09:52 – The cold weather is moving in. We’re expecting 4 to 6 inches (10 to 15 cm) of snow over the next couple of days, with the low temperature Sunday evening to be 8F (-13C). And, as nearly always, a stiff breeze and gusty winds.
In accidental prepping this week, I doubled our PV solar capacity. Back in early November, I ordered a Renogy 400 Watt 12 Volt Monocrystalline Solar Starter Kit with Wanderer. When we were de-cluttering the garage Tuesday, we finally opened that package, which was a box about 2×4 feet plus and a foot or so thick, weighing close to 90 pounds. Inside that outer box, we found two slip-fit thinner boxes, apparently identical, each of which obviously held two of the four solar panels. We opened one, and indeed found two solar panels and nothing else. I assumed, foolishly as it turned out, that the second internal box was identical to the first and that therefore we were missing the other components (charge controller, cables, connectors, etc.) that were supposed to come with the starter kit.
So Wednesday I called Amazon Business tech support and spoke to a very helpful woman named Diana. Based on shipping weights, she agreed with me that there must have been a second box, and couldn’t figure out what had happened to it. So she shipped me a replacement solar starter kit and said just to have UPS pick up the initial partial shipment. Amazon shipped it that day. Then yesterday as we continued cleaning up and organizing the garage, we opened the second internal box from the initial shipment, which (like the first box) looked large enough to contain only the two solar panels. But in fact it also included the rest of the components. placed against the back of one of the solar panels.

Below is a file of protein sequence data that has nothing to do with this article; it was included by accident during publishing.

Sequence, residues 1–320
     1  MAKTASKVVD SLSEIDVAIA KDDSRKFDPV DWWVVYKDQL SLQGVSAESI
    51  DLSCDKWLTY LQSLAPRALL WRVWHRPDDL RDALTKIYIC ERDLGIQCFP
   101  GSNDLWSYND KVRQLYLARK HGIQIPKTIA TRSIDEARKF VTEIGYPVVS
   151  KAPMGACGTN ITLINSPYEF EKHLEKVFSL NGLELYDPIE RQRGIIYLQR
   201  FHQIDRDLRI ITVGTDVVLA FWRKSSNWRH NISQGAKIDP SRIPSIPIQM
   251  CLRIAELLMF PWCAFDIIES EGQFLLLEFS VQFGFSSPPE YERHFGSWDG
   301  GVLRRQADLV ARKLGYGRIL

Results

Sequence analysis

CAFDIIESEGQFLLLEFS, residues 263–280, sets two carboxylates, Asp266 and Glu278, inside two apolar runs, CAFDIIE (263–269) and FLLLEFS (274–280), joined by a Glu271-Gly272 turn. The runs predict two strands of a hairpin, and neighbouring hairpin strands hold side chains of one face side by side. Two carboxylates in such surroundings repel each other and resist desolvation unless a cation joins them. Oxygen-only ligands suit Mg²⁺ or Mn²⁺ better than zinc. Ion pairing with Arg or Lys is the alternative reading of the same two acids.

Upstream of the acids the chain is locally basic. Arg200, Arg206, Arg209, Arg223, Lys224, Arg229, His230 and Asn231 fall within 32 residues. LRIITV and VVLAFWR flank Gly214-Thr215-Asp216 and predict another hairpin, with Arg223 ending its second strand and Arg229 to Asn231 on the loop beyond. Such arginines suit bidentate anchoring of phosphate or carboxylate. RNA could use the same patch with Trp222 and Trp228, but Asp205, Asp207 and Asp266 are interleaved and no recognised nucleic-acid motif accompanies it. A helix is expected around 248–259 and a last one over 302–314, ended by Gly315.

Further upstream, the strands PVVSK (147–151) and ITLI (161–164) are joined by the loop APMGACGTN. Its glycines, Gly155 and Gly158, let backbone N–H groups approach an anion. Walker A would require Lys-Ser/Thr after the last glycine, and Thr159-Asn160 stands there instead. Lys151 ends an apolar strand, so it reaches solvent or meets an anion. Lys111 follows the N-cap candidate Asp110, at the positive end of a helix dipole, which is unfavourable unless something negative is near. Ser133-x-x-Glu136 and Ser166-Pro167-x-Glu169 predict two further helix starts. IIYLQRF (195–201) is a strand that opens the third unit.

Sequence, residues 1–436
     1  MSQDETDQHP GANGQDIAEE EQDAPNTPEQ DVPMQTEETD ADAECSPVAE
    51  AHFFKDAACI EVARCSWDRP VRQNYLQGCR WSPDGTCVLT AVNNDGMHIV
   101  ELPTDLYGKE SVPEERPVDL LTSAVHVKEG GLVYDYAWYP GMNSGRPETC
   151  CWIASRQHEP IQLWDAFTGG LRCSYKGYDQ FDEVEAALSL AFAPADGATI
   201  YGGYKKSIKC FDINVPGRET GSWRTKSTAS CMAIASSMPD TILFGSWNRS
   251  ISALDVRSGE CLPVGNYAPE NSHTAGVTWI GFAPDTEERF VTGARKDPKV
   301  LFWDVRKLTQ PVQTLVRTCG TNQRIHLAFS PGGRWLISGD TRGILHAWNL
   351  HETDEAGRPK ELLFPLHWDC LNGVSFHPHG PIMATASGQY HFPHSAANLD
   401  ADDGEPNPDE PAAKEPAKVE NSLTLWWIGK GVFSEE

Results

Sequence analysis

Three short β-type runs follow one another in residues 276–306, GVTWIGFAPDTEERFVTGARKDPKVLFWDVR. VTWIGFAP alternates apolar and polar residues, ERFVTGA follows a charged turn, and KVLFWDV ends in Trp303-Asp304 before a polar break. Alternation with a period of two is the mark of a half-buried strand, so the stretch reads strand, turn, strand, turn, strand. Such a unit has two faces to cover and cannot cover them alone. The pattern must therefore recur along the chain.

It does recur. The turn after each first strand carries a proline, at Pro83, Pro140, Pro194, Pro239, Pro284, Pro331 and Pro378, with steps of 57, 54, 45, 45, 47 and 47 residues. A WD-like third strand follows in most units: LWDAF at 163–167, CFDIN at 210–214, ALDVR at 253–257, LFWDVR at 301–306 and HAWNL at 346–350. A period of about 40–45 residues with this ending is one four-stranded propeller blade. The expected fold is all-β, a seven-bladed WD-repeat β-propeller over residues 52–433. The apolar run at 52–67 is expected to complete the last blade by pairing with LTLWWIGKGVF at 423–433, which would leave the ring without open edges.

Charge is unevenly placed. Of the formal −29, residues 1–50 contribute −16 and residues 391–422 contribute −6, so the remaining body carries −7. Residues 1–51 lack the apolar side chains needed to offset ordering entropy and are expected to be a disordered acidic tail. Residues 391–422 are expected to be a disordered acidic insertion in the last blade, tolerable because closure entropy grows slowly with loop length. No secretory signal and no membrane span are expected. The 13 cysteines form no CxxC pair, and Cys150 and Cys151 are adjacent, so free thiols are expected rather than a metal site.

I talked to Barbara about it, and said that I’d intended to order a second kit this year, so why not just keep the second kit. She agreed, and I emailed Diana to confess my mistake and tell her just to charge our credit card for the replacement shipment as though it were a new order. That order is to arrive today, so we’ll now have 800W worth of PV solar panels, two Renogy Wanderer PWM charge controllers, and associated cabling and connectors.
The Wanderer charge controller supports four panels feeding a 12VDC battery bank, or eight feeding a 24VDC battery bank. I haven’t decided yet whether to configure it as a dual 12V system or a single 24V system. There are advantages either way, and of course I could if necessary reconfigure it on-the-fly.
But what really matters is that 400W of PV panels was marginal for our emergency needs, while 800W should more than suffice. Renogy claims that “ideal output” of the four-panel setup is 2,000 Wh/day, which obviously assumes five hours/day of full sunlight with a non-tracking mount. Taking into account cloudy days, losses in cabling and the inverter, and so on, it’s much safer to assume actual output at 1,200 Wh/day. With eight panels, that gives us 2.4 kWh/day, which will suffice to let us use our well pump normally, provide minimal LED lighting, communications, etc.